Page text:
A new Webroot survey reveals a disconnect between what college students say they would pay to access personal data being held for ransom and the reality of actual ransomware payments. While students reported they would only pay around $50 to retrieve their personal data, typical ransomware payments actually range from $500 to $1,000.
In May, the FBI’s Internet Crime Complaint Center reported there were 2,453 reported ransomware incidents in 2015, resulting in losses to victims of over $1.6 million. But the majority of headlines around ransomware have highlighted businesses under threat. This may explain why students claim they would spend no more than what a nice meal would cost to ransom their information.
According to the survey, students would pay on average $29 for a dating profile; $52 for a term paper; $78 for a banking log-in; and $86 for private photos. On average, students would pay $52 to access ransomed data, but in reality, consumers are paying a much higher amount.
“Ransomware authors tend to demand wildly different amounts per system,” said Tyler Moffitt, senior threat research analyst at Webroot. “Oftentimes, it will depend on what the author thinks he can squeeze out of the victim. Occasionally, operators will provide a means for the victim to communicate with them, and we have seen the cost negotiated to a lower amount. We’ve also seen demands on individuals for upwards of $2,000. So while the respondents’ claim they would never pay even close to that amount, it’s much easier said than done. The game really changes when one is actually put in the ransomware hot seat.”
The rise of security threats like ransomware further reinforces the need for students to protect their personal identities. However, only 56% of students have a security solution installed on their computer. When it comes to mobile devices that number drops to 34%, with 66% saying they don’t have or “aren’t sure” they have a mobile security solution. When asked why they are not using a security solution, 18% said it “wasn’t needed”; 15% said security solutions are “too expensive; and 10% said the options are “too complicated”.
“It is in everyone’s best interest to run a security solution on their personal device or devices,” said Moffitt. “It is alarming that 45% of college students say they don’t have, or aren’t sure they have, a security solution on their computer. The good news? Finding an option that fits isn’t hard. Reputable cybersecurity solutions are inexpensive compared to what they save, can be deployed in seconds, and protect devices with zero interaction from users.”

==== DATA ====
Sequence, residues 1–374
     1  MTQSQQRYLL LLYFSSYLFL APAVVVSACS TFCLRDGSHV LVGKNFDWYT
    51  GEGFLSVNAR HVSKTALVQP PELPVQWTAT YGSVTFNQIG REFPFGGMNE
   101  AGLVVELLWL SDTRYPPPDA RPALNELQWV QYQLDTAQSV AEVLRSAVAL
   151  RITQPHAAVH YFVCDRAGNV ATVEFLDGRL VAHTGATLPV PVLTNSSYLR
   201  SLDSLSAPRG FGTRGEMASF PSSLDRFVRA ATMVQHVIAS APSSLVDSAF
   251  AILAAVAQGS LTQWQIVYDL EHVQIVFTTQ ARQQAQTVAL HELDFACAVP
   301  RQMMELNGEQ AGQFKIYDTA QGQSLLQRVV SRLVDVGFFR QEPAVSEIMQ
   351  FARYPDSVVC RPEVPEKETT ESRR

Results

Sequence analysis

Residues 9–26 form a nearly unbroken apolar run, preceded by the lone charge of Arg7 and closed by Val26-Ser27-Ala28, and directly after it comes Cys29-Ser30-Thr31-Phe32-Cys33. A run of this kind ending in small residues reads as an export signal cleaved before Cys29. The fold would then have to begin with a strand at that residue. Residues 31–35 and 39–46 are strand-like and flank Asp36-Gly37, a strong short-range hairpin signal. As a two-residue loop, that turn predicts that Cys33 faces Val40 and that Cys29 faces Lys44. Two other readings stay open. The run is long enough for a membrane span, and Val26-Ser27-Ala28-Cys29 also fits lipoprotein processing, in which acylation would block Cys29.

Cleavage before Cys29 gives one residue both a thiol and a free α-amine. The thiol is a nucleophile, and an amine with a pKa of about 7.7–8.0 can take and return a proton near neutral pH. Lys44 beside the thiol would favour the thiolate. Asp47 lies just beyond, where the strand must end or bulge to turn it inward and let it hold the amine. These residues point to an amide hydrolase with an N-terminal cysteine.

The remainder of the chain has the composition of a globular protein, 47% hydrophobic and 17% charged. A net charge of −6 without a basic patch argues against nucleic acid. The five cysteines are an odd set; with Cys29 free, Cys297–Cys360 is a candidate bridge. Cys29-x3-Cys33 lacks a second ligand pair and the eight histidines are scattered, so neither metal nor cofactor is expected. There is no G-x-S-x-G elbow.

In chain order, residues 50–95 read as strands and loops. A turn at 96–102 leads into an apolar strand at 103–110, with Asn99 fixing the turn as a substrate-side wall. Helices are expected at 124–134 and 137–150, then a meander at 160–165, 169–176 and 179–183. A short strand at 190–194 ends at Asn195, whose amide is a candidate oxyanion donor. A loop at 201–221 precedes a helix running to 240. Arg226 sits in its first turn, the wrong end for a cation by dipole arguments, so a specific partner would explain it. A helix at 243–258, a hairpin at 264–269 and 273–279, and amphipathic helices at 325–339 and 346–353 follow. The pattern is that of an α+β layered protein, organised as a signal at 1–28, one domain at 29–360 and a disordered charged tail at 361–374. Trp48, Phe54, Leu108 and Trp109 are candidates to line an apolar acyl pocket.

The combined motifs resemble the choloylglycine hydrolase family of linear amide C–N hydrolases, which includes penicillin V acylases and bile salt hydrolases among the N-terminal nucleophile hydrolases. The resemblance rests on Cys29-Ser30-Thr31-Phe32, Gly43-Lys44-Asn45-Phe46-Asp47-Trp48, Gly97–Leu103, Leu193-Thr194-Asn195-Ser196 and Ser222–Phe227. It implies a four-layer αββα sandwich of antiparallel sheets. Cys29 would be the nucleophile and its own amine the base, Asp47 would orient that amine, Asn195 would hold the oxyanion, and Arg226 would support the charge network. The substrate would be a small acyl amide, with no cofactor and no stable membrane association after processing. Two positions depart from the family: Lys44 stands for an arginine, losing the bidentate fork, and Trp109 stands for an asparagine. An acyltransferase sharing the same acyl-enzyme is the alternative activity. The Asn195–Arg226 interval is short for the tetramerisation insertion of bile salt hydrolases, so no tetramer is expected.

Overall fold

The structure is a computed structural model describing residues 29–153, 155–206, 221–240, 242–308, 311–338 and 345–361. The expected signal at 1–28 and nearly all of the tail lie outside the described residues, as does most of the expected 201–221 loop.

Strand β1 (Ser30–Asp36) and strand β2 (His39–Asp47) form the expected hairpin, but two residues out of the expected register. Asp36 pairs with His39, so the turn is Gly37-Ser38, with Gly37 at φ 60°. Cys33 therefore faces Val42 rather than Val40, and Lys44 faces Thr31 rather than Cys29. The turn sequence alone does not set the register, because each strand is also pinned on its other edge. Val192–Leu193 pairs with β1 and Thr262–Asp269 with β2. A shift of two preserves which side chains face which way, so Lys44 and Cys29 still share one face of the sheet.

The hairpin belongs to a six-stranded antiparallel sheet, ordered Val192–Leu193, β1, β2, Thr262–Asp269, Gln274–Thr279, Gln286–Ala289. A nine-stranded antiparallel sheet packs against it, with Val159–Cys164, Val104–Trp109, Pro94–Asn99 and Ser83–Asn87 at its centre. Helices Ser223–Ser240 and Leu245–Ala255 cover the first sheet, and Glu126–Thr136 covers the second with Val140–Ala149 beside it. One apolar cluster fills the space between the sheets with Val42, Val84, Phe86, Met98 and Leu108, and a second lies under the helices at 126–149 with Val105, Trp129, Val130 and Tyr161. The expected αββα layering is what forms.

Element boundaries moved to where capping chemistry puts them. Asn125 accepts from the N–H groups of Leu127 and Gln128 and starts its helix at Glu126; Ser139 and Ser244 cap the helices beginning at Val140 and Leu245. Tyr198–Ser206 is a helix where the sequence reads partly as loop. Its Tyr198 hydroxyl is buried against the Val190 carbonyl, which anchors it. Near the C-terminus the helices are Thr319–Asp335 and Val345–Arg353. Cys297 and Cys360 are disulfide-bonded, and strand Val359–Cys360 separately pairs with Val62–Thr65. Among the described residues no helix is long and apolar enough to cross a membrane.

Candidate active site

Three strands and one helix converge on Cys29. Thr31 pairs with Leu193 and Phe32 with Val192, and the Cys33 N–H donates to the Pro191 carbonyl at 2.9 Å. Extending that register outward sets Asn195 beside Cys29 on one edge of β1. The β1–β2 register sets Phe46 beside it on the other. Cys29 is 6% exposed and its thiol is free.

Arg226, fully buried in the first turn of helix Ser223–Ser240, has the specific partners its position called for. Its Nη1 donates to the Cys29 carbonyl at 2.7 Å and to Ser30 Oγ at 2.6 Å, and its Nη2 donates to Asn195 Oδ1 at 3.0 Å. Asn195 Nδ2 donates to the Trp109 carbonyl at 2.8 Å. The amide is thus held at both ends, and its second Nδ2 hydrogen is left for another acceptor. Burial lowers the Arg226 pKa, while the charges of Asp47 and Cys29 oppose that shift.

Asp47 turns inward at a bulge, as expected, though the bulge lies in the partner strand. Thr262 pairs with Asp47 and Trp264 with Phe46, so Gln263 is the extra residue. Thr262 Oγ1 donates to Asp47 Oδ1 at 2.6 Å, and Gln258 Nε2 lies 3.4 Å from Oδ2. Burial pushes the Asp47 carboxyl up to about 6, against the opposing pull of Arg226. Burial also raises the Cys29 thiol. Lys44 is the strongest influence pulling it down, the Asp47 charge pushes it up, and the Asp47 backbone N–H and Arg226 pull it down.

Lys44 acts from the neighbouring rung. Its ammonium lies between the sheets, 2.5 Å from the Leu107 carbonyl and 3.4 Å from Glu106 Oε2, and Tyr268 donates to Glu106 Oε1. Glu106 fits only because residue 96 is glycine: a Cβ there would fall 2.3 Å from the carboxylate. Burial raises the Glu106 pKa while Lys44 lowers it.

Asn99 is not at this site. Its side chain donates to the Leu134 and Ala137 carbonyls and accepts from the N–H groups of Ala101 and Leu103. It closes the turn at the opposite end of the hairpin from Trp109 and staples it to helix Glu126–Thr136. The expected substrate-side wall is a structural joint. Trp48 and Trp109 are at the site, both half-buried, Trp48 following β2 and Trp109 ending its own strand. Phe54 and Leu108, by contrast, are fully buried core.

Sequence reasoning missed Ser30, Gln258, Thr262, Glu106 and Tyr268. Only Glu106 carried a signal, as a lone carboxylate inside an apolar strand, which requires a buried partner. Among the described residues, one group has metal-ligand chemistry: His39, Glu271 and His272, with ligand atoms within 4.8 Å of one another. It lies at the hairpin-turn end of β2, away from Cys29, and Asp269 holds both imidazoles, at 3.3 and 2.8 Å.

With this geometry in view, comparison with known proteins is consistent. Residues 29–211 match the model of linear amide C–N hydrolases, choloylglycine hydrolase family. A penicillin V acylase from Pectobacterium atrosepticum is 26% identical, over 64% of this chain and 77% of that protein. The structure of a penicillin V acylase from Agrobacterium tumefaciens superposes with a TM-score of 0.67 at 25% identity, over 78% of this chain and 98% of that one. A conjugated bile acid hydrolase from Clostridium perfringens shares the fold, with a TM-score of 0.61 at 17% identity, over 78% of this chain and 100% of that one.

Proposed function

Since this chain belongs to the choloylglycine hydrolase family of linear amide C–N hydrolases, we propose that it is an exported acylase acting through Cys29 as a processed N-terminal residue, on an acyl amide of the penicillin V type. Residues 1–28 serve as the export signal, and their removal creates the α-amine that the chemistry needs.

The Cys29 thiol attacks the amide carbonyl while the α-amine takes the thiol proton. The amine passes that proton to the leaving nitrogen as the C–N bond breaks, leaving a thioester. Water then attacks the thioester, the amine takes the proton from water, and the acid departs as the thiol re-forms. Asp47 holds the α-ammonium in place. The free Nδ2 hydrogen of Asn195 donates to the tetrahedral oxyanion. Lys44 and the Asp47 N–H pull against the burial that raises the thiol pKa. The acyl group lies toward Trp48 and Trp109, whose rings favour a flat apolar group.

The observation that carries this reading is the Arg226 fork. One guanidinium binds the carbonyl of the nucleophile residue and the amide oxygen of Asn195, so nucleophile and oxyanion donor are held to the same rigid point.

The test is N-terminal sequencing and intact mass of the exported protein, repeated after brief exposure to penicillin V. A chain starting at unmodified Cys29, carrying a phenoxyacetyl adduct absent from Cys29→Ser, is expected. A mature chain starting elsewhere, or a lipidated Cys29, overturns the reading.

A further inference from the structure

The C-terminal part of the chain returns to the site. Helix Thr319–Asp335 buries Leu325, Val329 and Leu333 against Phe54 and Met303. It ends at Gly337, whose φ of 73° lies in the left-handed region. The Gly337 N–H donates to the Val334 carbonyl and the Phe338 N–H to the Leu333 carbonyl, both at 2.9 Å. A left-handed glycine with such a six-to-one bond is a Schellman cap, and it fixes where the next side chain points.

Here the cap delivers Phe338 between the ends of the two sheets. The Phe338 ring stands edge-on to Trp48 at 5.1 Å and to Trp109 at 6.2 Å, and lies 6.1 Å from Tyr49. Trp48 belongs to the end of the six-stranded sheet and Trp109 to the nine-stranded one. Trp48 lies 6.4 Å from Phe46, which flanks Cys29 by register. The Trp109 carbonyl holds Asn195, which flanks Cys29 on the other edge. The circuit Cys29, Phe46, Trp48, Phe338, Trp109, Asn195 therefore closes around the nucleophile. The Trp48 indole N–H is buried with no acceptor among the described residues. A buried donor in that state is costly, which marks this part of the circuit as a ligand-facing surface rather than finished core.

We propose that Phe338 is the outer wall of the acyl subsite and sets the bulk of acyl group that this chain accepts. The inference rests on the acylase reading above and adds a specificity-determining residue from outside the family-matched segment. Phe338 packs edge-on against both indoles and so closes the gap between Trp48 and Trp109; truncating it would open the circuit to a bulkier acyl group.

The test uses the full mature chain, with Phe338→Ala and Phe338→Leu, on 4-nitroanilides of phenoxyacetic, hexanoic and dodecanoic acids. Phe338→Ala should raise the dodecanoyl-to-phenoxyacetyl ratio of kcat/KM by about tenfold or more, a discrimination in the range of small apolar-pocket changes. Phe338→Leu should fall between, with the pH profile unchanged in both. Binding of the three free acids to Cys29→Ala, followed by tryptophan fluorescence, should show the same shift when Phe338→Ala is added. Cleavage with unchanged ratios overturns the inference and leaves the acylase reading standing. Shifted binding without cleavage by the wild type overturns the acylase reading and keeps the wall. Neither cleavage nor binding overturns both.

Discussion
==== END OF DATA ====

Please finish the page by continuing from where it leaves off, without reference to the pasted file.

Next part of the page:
What can students do to stay secure?
Security-conscious students should adopt some simple yet effective strategies to ensure their personal devices and data are secure in a range of environments:
1. Purchase and deploy a top-rated security solution. There are a number of existing cybersecurity solutions that continuously protect personal information without taking up disk space or otherwise affecting user experience by making devices unavailable during scans. These solutions are also affordable, especially when considering the immediate cost of ransomware and long-term cost of identity theft.
2. Keep your security software up-to-date. Make sure that all security software subscriptions are current.
3. Store sensitive data in the cloud. Generally, encrypting ransomware only has the means to encrypt files stored locally on a user’s system. Because of that, data stored in the cloud can often be more secure than storing on a home network.
4. If documents are too private to risk ending up in someone else’s hands, create local backups instead. Store them on an external hard drive, and disconnect that drive when not using it.
5. Avoid free public Wi-Fi. Cybercriminals are known to create ad-hoc networks that look like free Internet, but actually launch a “man in the middle” attack. It’s best to stick to secure networks when on-the-go.
6. Use a password. Lock mobile devices to ensure data remains secure.
7. Use good judgement. Be extra vigilant about the websites visited, the URLs followed and the applications and mobile apps used.